The Runoff Coefficient describes the percentage of rainfall which runs off a particular surface during a storm event. The higher the value, the greater the quantity of water which will need to be dealt with by the drainage system.
Rational Method Runoff Coefficient Applications
This value is required for the rational method which simply multiplies the catchment area by the rainfall intensity. This value needs to be modified to take account of the characteristics of the surfacing. The runoff coefficient value is an attempt to take account of the volume of runoff which is absorbed into the surface.
This is not a very precise variable and as such attempts have been made to remove it using statistical analysis of historical events. However, for some simple applications or where better data is unavailable, an estimate of the runoff coefficient may be required. Obtaining an appropriate runoff coefficient requires considerable experience and judgement, and a number of factors must be considered.
Determining the Runoff Coefficient
The runoff coefficient chosen should include for the following factors;
- Surfacing materials – different man-made surfacing materials have different permeability values. Concrete and asphalt have low permeability values in a storm event, concrete block paving is relatively permeable. Typical values for common materials are given in the table below.
- Surfacing Age & Condition – New asphalt is considerably more permeable than old worn asphalt. Similarly old cracked concrete surfacing is more permeable than new uncracked concrete. This can increase/decrease the runoff coefficient by around 0.10 depending on the likely design life of the surfacing.
- Ground slope – The steeper the gradient, the more water will runoff the surface. This is one of the most important variables when calculating likely runoff. When using the below table it is advised that flat areas use the lower bound, areas with a slope greater than 6% should use the higher bound with intermediate slopes interpolated from the two values.
- Depressions – Any depressions in the ground will naturally attenuate the runoff, and can sometimes have a significant effect on the overall catchment runoff characteristics. This should be considered on a catchment by catchment basis, particularly for rural catchments.
- Underlying soils – This has a limited impact on man-made surfaces such as pavements, but has a very large effect on natural or agricultural surfaces. Common soil types are detailed in the table below.
- Vegetation – Dense vegetation on a rural surface can intercept and store a significant amount of rainfall, thereby reducing the catchment runoff.
- Antecedent wetness of the surface – for design purposes it is usually assumed that the surface is saturated or nearly saturated at the start of the storm event. When modeling summer rains or historical events, this may need to be considered in more detail.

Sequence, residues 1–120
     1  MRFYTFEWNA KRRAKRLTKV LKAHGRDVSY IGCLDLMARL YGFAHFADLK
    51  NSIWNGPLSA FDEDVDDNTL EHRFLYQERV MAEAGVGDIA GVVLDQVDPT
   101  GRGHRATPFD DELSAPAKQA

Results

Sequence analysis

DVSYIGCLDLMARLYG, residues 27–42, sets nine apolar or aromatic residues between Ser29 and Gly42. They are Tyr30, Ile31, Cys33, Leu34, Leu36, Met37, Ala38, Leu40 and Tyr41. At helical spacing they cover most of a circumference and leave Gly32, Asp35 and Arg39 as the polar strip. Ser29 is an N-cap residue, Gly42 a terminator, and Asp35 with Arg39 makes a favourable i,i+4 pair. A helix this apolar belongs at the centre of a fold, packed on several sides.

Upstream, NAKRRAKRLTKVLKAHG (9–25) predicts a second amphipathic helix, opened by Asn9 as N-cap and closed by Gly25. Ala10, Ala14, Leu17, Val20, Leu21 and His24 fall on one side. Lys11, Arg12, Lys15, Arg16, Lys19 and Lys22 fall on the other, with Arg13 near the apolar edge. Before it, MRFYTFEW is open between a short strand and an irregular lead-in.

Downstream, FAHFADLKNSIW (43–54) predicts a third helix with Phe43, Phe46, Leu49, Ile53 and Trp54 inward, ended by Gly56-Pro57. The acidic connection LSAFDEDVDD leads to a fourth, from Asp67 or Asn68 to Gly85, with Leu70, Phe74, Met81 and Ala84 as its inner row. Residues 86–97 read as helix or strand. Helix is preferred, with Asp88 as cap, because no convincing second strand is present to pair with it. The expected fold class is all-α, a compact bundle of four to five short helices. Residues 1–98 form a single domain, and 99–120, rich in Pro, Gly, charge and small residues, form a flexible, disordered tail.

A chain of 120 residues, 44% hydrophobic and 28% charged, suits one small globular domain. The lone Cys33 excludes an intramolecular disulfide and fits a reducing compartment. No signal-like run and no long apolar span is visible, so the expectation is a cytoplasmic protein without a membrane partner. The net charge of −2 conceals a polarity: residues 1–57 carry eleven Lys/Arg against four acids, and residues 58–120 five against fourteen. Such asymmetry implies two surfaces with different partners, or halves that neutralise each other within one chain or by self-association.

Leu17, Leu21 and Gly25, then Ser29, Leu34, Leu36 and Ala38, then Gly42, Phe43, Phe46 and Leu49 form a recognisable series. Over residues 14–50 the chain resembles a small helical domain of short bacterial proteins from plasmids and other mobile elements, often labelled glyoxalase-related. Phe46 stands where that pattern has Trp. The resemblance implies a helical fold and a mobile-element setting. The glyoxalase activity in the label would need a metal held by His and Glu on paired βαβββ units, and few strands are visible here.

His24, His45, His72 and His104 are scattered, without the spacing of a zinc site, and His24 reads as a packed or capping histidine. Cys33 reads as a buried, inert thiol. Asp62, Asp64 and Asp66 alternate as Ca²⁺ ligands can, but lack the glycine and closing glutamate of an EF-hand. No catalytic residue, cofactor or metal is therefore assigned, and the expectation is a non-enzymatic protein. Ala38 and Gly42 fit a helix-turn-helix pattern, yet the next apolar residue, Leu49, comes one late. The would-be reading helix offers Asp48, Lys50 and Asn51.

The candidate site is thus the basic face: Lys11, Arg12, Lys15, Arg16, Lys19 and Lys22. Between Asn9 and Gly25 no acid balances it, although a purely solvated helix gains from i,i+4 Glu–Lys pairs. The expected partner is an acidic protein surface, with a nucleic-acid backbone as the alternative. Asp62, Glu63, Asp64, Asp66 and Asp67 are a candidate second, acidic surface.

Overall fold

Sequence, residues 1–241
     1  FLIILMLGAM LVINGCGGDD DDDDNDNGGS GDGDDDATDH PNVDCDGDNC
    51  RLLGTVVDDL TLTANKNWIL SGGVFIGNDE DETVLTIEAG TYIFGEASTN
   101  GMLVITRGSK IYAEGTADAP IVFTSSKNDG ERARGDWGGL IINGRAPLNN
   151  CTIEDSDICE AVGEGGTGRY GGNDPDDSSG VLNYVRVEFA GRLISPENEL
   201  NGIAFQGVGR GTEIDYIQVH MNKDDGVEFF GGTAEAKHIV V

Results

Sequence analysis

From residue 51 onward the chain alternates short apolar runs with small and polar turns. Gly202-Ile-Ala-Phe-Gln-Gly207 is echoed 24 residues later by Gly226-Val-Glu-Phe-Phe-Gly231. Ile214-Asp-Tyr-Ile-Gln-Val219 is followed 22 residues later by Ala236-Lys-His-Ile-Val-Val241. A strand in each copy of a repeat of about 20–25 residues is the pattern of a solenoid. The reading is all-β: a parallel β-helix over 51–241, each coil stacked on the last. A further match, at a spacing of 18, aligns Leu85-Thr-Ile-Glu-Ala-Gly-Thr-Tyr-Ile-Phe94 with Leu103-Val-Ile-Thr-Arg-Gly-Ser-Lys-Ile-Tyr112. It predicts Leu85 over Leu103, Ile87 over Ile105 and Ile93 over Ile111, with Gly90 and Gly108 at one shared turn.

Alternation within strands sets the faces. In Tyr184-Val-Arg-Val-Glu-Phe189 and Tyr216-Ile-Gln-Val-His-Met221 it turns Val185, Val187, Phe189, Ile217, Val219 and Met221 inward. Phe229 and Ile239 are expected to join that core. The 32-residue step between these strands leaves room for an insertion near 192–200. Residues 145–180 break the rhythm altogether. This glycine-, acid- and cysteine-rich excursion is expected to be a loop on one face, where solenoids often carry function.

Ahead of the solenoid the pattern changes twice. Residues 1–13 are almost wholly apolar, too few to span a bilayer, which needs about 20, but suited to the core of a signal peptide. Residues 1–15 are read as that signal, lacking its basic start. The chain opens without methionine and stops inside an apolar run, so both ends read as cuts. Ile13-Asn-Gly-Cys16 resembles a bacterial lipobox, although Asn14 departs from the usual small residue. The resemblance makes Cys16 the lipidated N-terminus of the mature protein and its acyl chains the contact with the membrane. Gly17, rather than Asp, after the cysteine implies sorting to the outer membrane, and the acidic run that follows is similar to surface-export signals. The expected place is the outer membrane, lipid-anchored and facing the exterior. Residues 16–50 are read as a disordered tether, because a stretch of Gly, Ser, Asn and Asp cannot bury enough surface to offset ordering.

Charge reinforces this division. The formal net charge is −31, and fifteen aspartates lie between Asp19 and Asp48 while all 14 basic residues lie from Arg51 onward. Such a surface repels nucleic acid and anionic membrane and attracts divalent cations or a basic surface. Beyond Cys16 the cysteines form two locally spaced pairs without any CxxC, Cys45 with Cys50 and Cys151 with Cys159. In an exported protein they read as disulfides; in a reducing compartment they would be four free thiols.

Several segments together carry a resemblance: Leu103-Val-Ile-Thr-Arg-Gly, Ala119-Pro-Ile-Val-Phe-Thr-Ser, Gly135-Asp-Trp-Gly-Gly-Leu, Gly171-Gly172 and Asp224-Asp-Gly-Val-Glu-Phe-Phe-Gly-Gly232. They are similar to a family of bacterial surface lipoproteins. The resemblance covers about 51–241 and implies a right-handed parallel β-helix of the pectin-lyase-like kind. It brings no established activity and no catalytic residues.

- Rainfall depth – More intense rainfall events can lead to a higher percentage runoff as the surface becomes saturated while the storm is ongoing. For storm events with an intensity more than 50mm/hr, the upper bound value should be used from the table below.
- Burned Soil – Wildfires can cause calcification of the soil leading to a drop in permeability. This can be a factor in areas where wildfires are common.
- Frozen soil – Similarly in cold areas frozen soil in winter can reduce the permeability of the soil, increasing the runoff from a winter storm event.
In simple cases for new developments, it is often appropriate to assume 100% runoff from man-made or impermeable surfaces rather than spend a long time getting a value in the 90s which includes a lot of assumptions, simplifications and guesswork.
Typical Runoff Coefficient Table
|Rural Land Use||Lower Bounds||Upper Bounds|
|Cultivated Land, Sand & Gravel Soils||0.25||0.35|
|Cultivated Land, Sandy Loam Soils||0.20||0.52|
|Cultivated Land, Clay & Silt Loam Soils||0.40||0.72|
|Cultivated Land, Tight Clay Soils||0.50||0.82|
|Pasture, Sandy Loam Soils||0.10||0.22|
|Pasture, Clay & Silt Loam Soils||0.30||0.42|
|Pasture, Tight Clay Soils||0.40||0.60|
|Woodland, Sandy Loam Soils||0.10||0.30|
|Woodland, Clay & Silt Loam Soils||0.30||0.50|
|Woodland, Tight Clay Soils||0.40||0.60|
|Urban Land Use||Lower Bounds||Upper Bounds|
|Residential Lots, High Density||0.25||0.54|
|Residential Lots, Medium Density||0.19||0.50|
|Residential Lots, Low Density||0.14||0.46|
|Man Made Surfaces||Lower Bounds||Upper Bounds|
|Roofs, Steeply Sloping||0.90||0.95|
|Roofs, Small Flat||0.90||0.95|
|Roofs, Large Flat||0.75||0.95|
|Concrete Blocks, Uncemeted Joints||0.50||0.70|
|Concrete Blocks, Cemeted Joints||0.70||0.85|
|Grass, Poor Condition||0.32||0.62|
|Grass, Fair Condition||0.25||0.60|
|Grass, Good Condition||0.21||0.58|
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